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HOLLINGSWORTH et al. v. CUNARD LINE LIMITED.
58274.
QUILLIAN, Presiding Judge.
Breach of contract; misrepresentations. Fulton Superior Court. Before Judge Weltner.
Plaintiffs below, Mr. and Mrs. Hollingsworth, appeal from the grant of defendant Cunard Line's "Motion to Dismiss," based on the ground that Cunard was not subject to the jurisdiction of the court under the state's Long Arm Statute, Code Ann. 24-113.1 (Ga. L. 1966, p. 343; 1970, pp. 443, 444).
Mr. Hollingsworth became interested in a round-the-world cruise offered by Cunard in 1976 on the Queen Elizabeth II (QE Il) after seeing an advertisement in the Atlanta Journal-Constitution of March 14, 1976. He wrote a letter to the address listed in the advertisement and received a sales brochure on the upcoming cruise. Because of business commitments he could not make that trip. But, when another advertisement appeared in the November 7, 1976 edition of The Atlanta Journal-Constitution announcing a 1977 round-the-world cruise on the QE II, he contacted the local travel agency listed in the advertisement -- the Thomas Cook agency. Mrs. Hollingsworth was an avid duplicate bridge player and Mr. Hollingsworth indulged in the game of poker as an avocation. He frequently participated in games of poker with professionals in Las Vegas, with neighbors, and at local fraternal clubs. The brochure stated a casino was aboard the QE II and the local Cook employee assured him poker was available on the QE II. The Hollingsworths made all their travel arrangements with the Osborne Travel Agency of Atlanta. While at Osborne Mr. Hollingsworth again inquired whether poker was available aboard the QE II and the agent called Cunard in New York and was informed that it was. Cunard had hired the Thomas Cook Travel Agency to handle the nationwide promotion of the 1977 trip, and the shore excursions from the QE II, and had forwarded to Cook -- as they had to other travel agencies -- such as Osborne, blank passenger ticket stock.
Cunard stated that it did not directly engage in the promotion of the 1977 world cruise of the QE II. They "advertised the cruise in magazines with a nationwide circulation and also distributed brochures to travel agencies with offices throughout the country . . . None of the travel agencies to which brochures were distributed has a specific agreement or understanding with respect to any promotion or advertising of the Cruise in any state with the exception of Thomas Cook . . ." Cunard denied that they were responsible for the advertisement of the 1976 world cruise. Cunard also denied that, any agency agreement existed with any travel agency although they were sent brochures on trips and blank passenger ticket stock. They admitted that "if a travel agency is provided with passage contract ticket stock, the authority to write passage contract tickets is implied." However, "[n]o travel agent can book accommodations in Cunard vessels since all cabin allocations are made centrally in New York . . ." Cunard stated that the Thomas Cook Travel Agency of Atlanta "did not serve as the agent of Cunard for any of the stated purposes." The Osborne Travel Agency in Atlanta completed the Cunard application for tickets and other incidentals such as helping select a cabin and dining-room for the Hollingsworths. Cunard, in New York, confirmed the cabin arrangements and forwarded the Hollingsworths' tickets to them in Georgia. Mr. Hollingsworth forwarded a check for $5,000 with the application on November 11 and the balance on December 10 of $8,090. Cunard had established an October 1 deadline after which refunds would not be made.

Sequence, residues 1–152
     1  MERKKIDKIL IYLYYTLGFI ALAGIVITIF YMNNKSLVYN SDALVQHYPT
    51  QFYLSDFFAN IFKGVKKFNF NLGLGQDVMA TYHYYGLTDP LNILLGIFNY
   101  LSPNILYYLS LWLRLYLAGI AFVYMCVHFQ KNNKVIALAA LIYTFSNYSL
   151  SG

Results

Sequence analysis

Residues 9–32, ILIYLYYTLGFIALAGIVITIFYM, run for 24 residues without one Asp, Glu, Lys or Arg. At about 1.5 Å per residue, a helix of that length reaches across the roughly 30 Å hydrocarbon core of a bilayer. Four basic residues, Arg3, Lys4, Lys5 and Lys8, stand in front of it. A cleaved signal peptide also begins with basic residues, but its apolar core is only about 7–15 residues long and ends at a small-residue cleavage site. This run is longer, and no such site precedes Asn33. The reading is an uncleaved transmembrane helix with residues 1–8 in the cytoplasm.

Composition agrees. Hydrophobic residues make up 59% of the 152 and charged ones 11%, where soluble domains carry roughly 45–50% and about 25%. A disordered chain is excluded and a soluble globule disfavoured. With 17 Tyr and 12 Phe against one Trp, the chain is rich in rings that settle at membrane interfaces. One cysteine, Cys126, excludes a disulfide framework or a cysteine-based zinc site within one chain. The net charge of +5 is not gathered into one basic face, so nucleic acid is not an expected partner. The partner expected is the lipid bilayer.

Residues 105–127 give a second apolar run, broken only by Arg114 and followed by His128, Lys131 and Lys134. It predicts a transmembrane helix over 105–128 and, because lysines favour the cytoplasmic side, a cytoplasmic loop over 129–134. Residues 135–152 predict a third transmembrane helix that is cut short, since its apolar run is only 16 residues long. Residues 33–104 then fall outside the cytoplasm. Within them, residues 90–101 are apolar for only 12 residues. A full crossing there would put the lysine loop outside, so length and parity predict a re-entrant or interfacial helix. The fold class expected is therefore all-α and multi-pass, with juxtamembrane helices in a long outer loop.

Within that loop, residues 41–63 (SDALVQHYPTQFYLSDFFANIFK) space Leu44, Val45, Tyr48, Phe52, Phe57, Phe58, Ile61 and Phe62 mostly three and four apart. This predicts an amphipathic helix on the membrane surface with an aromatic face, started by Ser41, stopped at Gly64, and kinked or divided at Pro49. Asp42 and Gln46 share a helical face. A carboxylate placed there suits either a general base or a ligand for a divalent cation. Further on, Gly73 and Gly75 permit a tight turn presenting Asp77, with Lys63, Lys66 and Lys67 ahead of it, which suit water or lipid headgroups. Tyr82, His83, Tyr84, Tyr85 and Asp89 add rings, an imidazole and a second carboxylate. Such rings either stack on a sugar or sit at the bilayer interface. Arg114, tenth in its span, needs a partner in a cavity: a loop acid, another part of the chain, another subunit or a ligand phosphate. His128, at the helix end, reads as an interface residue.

Mr. Hollingsworth received his tickets on January 12, 1977, in Georgia. Included was a "Cunard Passage Contract Ticket." Paragraph 23 of the "Contract Ticket" states: "The terms contained in this passage contract constitute the whole of the contract between the Company and the passenger, and no representations or conditions contained in the Company's advertisements, notices, pamphlets, booklets, receipts or other documents issued by any of the servants or agents of the Company shall in any way affect or modify or increase the liability of the company other than as set forth in this contract ticket."
The complaint was brought on two counts. The first count alleged breach of contract and the second count was based on fraud. Both counts alleged that Cunard induced their contract by "misrepresentations" of five specified services, stops, or amenities, that were not available on the trip. Not only was poker not available in the QE II casino but the cruise director actively prevented Mr. Hollingsworth from organizing a poker game among interested passengers. The Hollingsworths departed the cruise in South Africa. Defendant Cunard's motion to dismiss for lack of jurisdiction under the Long Arm Statute was granted. Plaintiffs bring this appeal. Held:
The resident plaintiff brought this action for breach of contract and fraud in the Georgia forum against the nonresident defendant under our Long Arm Statute -- Code Ann. 24-113.1 (Ga. L. 1966, p. 343; 1970, pp. 443, 444). The Long Arm Statute permits courts of this state to exercise personal jurisdiction cover any nonresident . . . as to a cause of action arising from any of the acts [enumerated]: (a) Transacts any business within this State; or . . . (c) Commits a tortious injury in this State caused by an act or omission outside this State, if the tortfeasor regularly does or solicits business, or engages in any other persistent course of conduct . . ."
We need only consider whether the defendant transacted any business within the state. "Under our Long Arm Statute jurisdiction over a nonresident exists on the basis of transacting business in this state if the nonresident has purposefully done some act or consummated some transaction in this state, if the cause of action arises from or is connected with such act or transaction, and if the exercise of jurisdiction by the courts of this state does not offend traditional fairness and substantial justice." Davis Metals v. Allen, 230 Ga. 623, 625 (198 SE2d 285). "[T]he trend of the opinions is to construe long arm 'transacting any business' statutes most liberally and to uphold the jurisdiction of the court of the plaintiff's residence in actions arising, either directly or indirectly, out of such transactions." Id. at 626. Accord, McGee v. International Life Ins. Co., 355 U. S. 220, 222 (78 SC 199, 2 LE2d 223); Annot. 27 ALR3d 397. In accordance with this trend, our Supreme Court has adopted the 'Illinois Rule" which is predicated "on the premise that the Long Arm Statute contemplates that jurisdiction shall be exercised over non-resident parties to the maximum extent permitted by procedural due process." Coe & Payne Co. v. Wood-Mosaic Corp., 230 Ga. 58, 60 (195 SE2d 399).